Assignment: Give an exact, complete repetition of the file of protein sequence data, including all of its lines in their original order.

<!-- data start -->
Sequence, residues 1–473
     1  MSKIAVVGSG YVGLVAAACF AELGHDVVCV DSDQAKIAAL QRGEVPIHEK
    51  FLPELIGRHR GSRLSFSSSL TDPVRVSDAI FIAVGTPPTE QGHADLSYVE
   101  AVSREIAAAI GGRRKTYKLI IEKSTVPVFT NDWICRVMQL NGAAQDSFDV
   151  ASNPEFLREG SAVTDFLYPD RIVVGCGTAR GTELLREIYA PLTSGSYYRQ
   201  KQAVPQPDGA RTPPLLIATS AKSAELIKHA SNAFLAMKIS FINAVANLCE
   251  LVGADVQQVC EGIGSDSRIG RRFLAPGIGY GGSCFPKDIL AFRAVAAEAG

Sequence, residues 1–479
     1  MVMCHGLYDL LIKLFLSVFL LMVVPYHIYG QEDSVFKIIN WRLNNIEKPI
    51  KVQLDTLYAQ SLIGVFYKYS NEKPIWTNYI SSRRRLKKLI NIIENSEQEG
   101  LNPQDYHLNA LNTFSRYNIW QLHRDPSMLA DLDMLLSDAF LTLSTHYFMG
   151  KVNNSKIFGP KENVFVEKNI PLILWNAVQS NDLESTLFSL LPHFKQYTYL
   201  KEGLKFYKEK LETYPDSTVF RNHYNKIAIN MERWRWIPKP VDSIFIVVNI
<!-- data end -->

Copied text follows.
Sequence, residues 1–473
     1  MSKIAVVGSG YVGLVAAACF AELGHDVVCV DSDQAKIAAL QRGEVPIHEK
    51  FLPELIGRHR GSRLSFSSSL TDPVRVSDAI FIAVGTPPTE QGHADLSYVE
   101  AVSREIAAAI GGRRKTYKLI IEKSTVPVFT NDWICRVMQL NGAAQDSFDV
   151  ASNPEFLREG SAVTDFLYPD RIVVGCGTAR GTELLREIYA PLTSGSYYRQ
   201  KQAVPQPDGA RTPPLLIATS AKSAELIKHA SNAFLAMKIS FINAVANLCE
   251  LVGADVQQVC EGIGSDSRIG RRFLAPGIGY GGSCFPKDIL AFRAVAAEAG

Sequence, residues 1–479
     1  MVMCHGLYDL LIKLFLSVFL LMVVPYHIYG QEDSVFKIIN WRLNNIEKPI
    51  KVQLDTLYAQ SLIGVFYKYS NEKPIWTNYI SSRRRLKKLI NIIENSEQEG
   101  LNPQDYHLNA LNTFSRYNIW QLHRDPSMLA DLDMLLSDAF LTLSTHYFMG
   151  KVNNSKIFGP KENVFVEKNI PLILWNAVQS NDLESTLFSL LPHFKQYTYL
   201  KEGLKFYKEK LETYPDSTVF RNHYNKIAIN MERWRWIPKP VDSIFIVVNI